4.1 (6) Literature, and Literature and History.
. Birkett's research into ideology and prose form, women's writing, 20th.-cent. drama, underpinned the relevant sections of the well-received Macmillan Guide to French Literature: Early Modern to Postmodern (co-authored with Kearns, Exeter). The research aims of the text included the tracking of transformations of the idea of the subject in French culture and society, and the corresponding negotiations with form and language (explored through close literary-critical textual commentary) that constituted its literary representations. 16th-cent. 1 postgraduate. 17th-cent. For Perkins, see (4.1.1). 1 postgraduate worked in the area (plus 1 other included under [4.1.1]). 18th-cent. For Birkett, see (4.1.1); for Mason, Wood see (4.1.3). Mason's work on Montesquieu’s later prose fiction and Voltaire’s later biography/history has issued in various articles and essays. Her current collaborators are Pierre Rétat (Lyon II), J. Ehrard (Clermont-Ferrand), A. Postigliola and L. Bianchi (Naples). She continues to be a member of the Conseil d’administration of the Société Montesquieu. 3 postgraduates have been working in this area. Bolton gave two papers on the Encyclopédie (now in press). 19th-cent. Birkett's work on the politics of Decadent prose form led to invited critical essays printed alongside those of major American scholars in The Decadent Reader and Perennial Decay. Her 1986 study of Rachilde was reprinted in Twentieth-Century Literary Criticism (Gale Research). Ashton published translations in The Decadent Reader. Crossley published on Romantic intellectual history, and was Adviser for entries 1798-1870 for the New Oxford Companion to French Literature; he is currently Adviser to the Encyclopedia of the Romantic Age (Fitzroy Dearbon). He continues to be a member of the Editorial Committee of the Cahiers Charles Fourier and the Comité scientifique of the Association 'A la recherche de Michelet', and UK Corresponding Member for the Société des Etudes romantiques. 20th-cent. See above (4.1.1 and 2) for Birkett, Hughes, Ince.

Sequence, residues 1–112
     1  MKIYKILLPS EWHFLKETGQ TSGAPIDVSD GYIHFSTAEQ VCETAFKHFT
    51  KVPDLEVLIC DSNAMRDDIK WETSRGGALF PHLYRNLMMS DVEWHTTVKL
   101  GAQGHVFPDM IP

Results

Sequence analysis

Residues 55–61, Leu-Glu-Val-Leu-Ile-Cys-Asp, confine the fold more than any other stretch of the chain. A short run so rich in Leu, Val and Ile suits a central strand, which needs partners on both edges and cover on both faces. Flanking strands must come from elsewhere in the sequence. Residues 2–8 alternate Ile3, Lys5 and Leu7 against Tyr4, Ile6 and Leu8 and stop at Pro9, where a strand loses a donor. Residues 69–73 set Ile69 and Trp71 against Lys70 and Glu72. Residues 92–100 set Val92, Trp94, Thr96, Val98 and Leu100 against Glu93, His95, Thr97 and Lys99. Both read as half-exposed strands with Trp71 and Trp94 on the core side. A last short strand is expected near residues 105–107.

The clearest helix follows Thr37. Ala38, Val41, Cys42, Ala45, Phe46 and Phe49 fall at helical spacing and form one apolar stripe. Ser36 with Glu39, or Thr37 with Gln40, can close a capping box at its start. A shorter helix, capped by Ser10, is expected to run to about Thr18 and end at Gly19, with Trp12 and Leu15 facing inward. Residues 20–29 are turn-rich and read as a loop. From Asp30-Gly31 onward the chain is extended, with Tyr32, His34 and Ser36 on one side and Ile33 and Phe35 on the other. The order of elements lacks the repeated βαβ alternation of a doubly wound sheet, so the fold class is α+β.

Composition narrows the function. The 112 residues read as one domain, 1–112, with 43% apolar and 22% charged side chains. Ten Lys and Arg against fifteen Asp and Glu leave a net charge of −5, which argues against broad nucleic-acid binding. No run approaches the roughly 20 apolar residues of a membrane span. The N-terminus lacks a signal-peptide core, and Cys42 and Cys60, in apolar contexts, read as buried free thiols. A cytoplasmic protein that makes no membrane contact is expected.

4.1 (7) Cross-Disciplinary, Interdisciplinary